Step aside The Other Boleyn Girl! Move over, Wolf Hall! Mr. Georgy Jachmenev, retired Londoner book cataloger, has some things about his past he’d like you to know. Things he never would have considered revealing until his beloved wife Zoya’s recent death from brain cancer. You see, Georgy and Zoya weren’t exactly the colorless, ordinary Russian emigres their co-workers and acquaintances have always supposed. Mr. Jachmenev was once a loyal servant to Russia’s last Tsar. He would like to add his account to the reams already amassed of the Romanov’s last days.
First off, the Tsarina was haughty and the Tsar too imperial and the damage done by the Tsarina’s confidant, the priest Rasputin, considerable.
The royal Romanovs didn’t heed the people’s cries of too much war! too little bread! give us reform! After three hundred years of uninterrupted Tsardom, they could not fathom how their crowns might ever tumble. They realized the danger too late. Their palace became their prison and their guards became their jailers and then their executioners.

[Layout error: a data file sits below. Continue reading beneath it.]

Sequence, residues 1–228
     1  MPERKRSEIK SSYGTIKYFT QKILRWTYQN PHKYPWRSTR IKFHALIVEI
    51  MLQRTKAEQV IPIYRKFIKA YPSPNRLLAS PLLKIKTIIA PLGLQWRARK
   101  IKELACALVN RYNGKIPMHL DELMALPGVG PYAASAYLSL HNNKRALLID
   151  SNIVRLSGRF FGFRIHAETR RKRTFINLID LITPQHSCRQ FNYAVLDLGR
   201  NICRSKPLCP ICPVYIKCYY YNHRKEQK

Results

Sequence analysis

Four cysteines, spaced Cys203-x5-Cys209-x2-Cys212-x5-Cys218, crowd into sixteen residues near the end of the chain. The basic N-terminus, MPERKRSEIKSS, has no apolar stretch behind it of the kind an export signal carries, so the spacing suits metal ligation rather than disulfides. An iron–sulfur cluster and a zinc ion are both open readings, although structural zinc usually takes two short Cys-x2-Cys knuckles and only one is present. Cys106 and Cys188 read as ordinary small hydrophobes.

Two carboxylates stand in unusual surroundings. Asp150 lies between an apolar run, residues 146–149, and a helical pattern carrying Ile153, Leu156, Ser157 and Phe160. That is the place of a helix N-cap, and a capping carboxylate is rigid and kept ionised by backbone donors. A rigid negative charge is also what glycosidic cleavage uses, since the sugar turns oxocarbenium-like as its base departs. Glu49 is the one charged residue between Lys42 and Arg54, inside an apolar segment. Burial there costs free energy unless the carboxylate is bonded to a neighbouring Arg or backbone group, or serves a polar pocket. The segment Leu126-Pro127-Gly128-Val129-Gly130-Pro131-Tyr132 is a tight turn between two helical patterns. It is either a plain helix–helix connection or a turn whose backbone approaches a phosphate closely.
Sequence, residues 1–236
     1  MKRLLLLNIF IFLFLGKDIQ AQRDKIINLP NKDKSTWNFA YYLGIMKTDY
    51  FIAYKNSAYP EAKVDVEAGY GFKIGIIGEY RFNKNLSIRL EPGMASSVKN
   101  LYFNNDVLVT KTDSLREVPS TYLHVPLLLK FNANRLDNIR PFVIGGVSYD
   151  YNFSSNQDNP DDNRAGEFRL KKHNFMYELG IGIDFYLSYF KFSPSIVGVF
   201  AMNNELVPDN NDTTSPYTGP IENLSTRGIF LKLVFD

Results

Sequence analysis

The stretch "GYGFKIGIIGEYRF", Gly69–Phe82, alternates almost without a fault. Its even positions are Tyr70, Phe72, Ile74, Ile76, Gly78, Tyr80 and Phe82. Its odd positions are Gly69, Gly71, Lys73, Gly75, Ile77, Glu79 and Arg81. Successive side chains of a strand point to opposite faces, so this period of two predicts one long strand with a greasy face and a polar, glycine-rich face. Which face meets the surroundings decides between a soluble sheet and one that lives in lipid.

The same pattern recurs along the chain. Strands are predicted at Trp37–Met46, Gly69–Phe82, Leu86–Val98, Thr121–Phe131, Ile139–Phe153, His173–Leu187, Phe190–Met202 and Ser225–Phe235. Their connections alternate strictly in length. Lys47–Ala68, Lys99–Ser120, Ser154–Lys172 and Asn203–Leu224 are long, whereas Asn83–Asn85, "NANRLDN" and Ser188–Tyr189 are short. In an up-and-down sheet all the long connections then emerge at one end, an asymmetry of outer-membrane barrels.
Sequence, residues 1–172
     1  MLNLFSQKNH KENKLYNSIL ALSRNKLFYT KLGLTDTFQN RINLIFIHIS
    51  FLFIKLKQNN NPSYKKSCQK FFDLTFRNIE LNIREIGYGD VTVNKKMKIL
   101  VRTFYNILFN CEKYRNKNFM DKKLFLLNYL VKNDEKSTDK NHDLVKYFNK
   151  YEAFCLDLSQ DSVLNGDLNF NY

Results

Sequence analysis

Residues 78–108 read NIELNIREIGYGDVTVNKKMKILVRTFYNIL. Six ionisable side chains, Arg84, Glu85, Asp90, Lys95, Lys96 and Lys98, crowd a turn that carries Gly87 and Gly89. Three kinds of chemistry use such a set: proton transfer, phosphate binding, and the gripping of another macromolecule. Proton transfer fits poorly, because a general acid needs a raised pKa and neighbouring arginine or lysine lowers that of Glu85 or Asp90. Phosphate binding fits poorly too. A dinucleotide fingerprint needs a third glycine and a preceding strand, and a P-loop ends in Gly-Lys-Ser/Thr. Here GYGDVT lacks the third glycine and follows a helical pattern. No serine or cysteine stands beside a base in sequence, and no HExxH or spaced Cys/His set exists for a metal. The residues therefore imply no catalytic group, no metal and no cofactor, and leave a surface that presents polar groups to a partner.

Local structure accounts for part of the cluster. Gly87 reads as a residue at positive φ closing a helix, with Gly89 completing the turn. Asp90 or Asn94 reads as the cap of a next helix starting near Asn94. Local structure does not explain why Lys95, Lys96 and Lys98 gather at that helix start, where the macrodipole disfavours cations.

But on the night of July 18, 1918, the Bolsheviks’ massacre of the captive Romanovs did not quite go as planned. Mr. Jachmenev would like to confirm that the rumors are true: one royal did escape execution.
The House of Special Purpose by John Boyne: falls don’t come any steeper. Rescues don’t come any less probable.